Jesus. With Jesus, everything changed. Sin was forgiven. Exile ended. God returned. He became present with his people in a manner anyone could see and experience, but no one could have predicted.

Everything the Temple represented and every religious purpose it served was fulfilled in and through Jesus Christ.

Then, despite all Jesus accomplished, his first disciples watched him ascend back into the heavens a short while after his resurrection. God departed again. And the disciples were told to wait… (Luke 24:49)

Church. On the day of Pentecost, the unthinkable happened. Per Jesus’ instructions, his followers had gathered to wait and to pray. Then suddenly, in a scene reminiscent of 2 Chronicles 7 when the Spirit descended and filled Solomon’s Temple:

“There came a sound from heaven like a mighty rushing wind, and it filled the entire house where they were sitting. And divided tongues as of fire appeared to them and rested on each one of them. And they were all filled with the Holy Spirit…”
(Acts 2:2-4a)

The Spirit of God returned as the people of Israel had long been hoping –- only not in the manner they anticipated. It was not to a rebuilt Temple that the Spirit returned. No longer would a single high priest enter God’s presence on one solitary day each year.

The Holy Spirit came and filled Jesus’ disciples! In and through Jesus Christ, the disciples became the new Temple/s:

  • the resting place of God
  • the place in Creation that is once again whole –- where God’s presence resides
  • the witness in the world of the way things are supposed to be and will one day be again fully

As Jesus’ disciples, we are the temples of God in the world today. We are the intersection of the heavens and the earth. We are the witnesses of the way things were always supposed to be and the way they will one day be again. We are foretastes of what it truly means to be human. The Holy Spirit has come to dwell within us to empower us for this very high calling (Acts 1:8). In response, let us learn to live and walk by the Spirit:

  • Living intentionally.
  • Remembering where our story began & anticipating where it’s going.
  • Pursuing ongoing apprenticeship unto Jesus.
  • Loving sacrificially.
  • Living an eternal kind of life here & now.
  • Establishing our allegiance in Jesus’ eternal kingdom.
  • Showing the rest of the world how to live well here & now…

WHEN JESUS IS KING.

(Excerpt from Reimagining Discipleship)

Eternal life

Today, let’s take a look at Jesus’ references to “eternal life” through the gospel of John. (John 3:15-16 & 36; 4:36; 5:24; 6:47 & 54; 10:28; 11:25.) Notice Jesus’ consistent perspective throughout these verses:

Eternal life is a present reality.

Before turning our attention to why Jesus refers to eternal life as a present reality, let’s clarify a couple things before we go any further.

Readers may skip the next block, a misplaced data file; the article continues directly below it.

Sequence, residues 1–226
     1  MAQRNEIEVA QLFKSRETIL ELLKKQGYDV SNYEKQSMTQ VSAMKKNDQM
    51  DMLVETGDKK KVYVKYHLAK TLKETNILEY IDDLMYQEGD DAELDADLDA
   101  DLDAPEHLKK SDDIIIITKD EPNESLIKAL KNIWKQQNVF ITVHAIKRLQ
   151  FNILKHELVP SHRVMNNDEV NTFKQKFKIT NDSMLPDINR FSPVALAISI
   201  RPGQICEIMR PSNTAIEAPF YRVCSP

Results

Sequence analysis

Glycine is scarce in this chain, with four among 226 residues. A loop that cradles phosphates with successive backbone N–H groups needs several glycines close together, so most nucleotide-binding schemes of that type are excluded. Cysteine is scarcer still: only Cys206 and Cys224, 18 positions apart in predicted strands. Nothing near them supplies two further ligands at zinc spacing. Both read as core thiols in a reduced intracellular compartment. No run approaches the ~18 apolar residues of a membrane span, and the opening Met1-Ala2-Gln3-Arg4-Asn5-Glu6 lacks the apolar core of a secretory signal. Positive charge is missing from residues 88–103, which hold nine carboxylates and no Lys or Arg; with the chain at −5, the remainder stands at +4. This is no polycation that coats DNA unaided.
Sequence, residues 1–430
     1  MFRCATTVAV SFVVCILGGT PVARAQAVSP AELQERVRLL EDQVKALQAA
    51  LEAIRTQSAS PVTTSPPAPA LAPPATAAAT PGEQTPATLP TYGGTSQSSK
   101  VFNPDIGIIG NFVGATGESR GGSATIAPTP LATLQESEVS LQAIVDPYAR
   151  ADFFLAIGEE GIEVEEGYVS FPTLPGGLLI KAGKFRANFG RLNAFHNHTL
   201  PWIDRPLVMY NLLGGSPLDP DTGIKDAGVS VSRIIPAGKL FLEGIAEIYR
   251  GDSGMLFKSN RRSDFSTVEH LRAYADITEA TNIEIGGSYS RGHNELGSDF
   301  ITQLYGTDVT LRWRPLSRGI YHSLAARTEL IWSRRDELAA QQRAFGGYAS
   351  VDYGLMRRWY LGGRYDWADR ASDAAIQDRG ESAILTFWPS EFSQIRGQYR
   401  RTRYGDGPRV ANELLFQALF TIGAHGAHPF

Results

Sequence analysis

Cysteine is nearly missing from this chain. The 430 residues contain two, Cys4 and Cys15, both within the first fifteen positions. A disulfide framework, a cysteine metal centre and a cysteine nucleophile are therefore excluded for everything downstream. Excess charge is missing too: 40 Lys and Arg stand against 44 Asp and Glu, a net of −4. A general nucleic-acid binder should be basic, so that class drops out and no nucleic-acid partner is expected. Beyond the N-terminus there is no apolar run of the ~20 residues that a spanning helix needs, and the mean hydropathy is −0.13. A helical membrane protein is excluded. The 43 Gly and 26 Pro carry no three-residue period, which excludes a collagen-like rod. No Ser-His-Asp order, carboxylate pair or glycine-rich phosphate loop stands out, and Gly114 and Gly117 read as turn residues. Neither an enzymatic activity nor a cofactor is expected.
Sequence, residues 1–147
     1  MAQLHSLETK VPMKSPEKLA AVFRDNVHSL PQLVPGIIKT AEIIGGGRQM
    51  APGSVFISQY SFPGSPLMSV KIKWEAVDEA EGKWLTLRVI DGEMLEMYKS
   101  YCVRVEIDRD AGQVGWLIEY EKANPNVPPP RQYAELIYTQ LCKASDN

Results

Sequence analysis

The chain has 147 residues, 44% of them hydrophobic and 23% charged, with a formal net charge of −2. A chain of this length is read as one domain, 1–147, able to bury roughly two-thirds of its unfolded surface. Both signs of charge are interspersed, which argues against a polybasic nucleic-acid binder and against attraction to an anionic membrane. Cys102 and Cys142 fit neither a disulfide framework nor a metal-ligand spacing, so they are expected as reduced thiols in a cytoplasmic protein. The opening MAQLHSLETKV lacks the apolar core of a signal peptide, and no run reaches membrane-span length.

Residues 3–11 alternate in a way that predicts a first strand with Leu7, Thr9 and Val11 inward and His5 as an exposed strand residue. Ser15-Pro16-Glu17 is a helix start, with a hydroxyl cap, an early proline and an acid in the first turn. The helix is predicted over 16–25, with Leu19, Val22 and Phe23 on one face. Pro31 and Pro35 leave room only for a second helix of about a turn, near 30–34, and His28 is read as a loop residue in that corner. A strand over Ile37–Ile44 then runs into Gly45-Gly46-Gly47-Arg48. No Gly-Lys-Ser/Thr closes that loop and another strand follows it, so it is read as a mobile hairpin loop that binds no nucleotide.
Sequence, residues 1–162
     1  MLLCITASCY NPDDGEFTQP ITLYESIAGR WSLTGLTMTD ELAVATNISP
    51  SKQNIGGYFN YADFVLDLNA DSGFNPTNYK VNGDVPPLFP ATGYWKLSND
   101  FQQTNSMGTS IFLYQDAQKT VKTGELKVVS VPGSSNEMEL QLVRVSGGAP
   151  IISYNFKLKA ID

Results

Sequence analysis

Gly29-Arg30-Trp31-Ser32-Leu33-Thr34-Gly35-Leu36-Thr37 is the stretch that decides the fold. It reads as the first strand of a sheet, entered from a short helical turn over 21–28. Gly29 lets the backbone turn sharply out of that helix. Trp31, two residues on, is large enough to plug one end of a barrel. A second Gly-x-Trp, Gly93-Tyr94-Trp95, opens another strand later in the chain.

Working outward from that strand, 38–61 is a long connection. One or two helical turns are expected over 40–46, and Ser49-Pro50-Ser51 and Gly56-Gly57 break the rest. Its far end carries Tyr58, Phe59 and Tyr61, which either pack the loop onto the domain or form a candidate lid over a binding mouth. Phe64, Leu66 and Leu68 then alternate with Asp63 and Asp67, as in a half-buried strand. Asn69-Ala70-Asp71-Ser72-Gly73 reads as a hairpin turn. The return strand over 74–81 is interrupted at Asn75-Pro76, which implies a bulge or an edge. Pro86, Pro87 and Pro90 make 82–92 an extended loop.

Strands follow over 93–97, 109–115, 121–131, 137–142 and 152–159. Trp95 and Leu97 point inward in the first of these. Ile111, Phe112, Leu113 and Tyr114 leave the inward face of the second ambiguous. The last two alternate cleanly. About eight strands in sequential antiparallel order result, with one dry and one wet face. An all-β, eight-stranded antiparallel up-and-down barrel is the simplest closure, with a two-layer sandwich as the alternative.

1. The present reality of eternal life does not diminish its “eternal” nature. Eternal life simply begins much sooner than we sometimes imagine.
  2. The present reality of eternal life doesn’t imply that the way things are today will be the way that they’ll be forever. As 1 Corinthians 15, there is a forthcoming transformation. Life will be MUCH different when the kingdom is fully manifest. Death will be swallowed up by life. Mortality will give way to immortality.

In light of God’s story, the present reality of eternal life should make sense to us. And so it should be no surprise that this same perspective is consistent throughout Jesus’ teaching –- particularly in his parables.

Remember Jesus’ parable in Luke 19: The citizens and servants defined themselves in the kingdom BEFORE the King returned. Jesus taught his disciples that the trajectory of their lives based on their priorities and allegiance would naturally extend into his kingdom. In other words, their everyday lives were already eternally significant. The same is true for us today:

  • Eternal life is a natural extension of the lives we are now living. So Jesus refers to it as a present reality for those who have come to know him.
  • One day, the veil will be taken away, and we’ll see things more clearly, but we’ll still be us, and the reality in which we find ourselves will be the same that it’s always been.
  • Though his reign is not yet fully manifest, we are already living when Jesus is King. We’re already defining ourselves within his reign.
  • The more we come to know & serve Jesus and to live in fellowship with him, the more we’re living an eternal kind of life (John 17:3).

So again, what now?

Let’s live well. Let’s be faithful to Jesus in our relationships. In our finances. In our time management. In our allegiance. Let’s embrace Jesus as our Lord and King here & now. And then when the day comes and he returns to finalize his victory, we’ll find ourselves quite at home as we transition into his eternal kingdom.

(Excerpt from Reimagining Discipleship)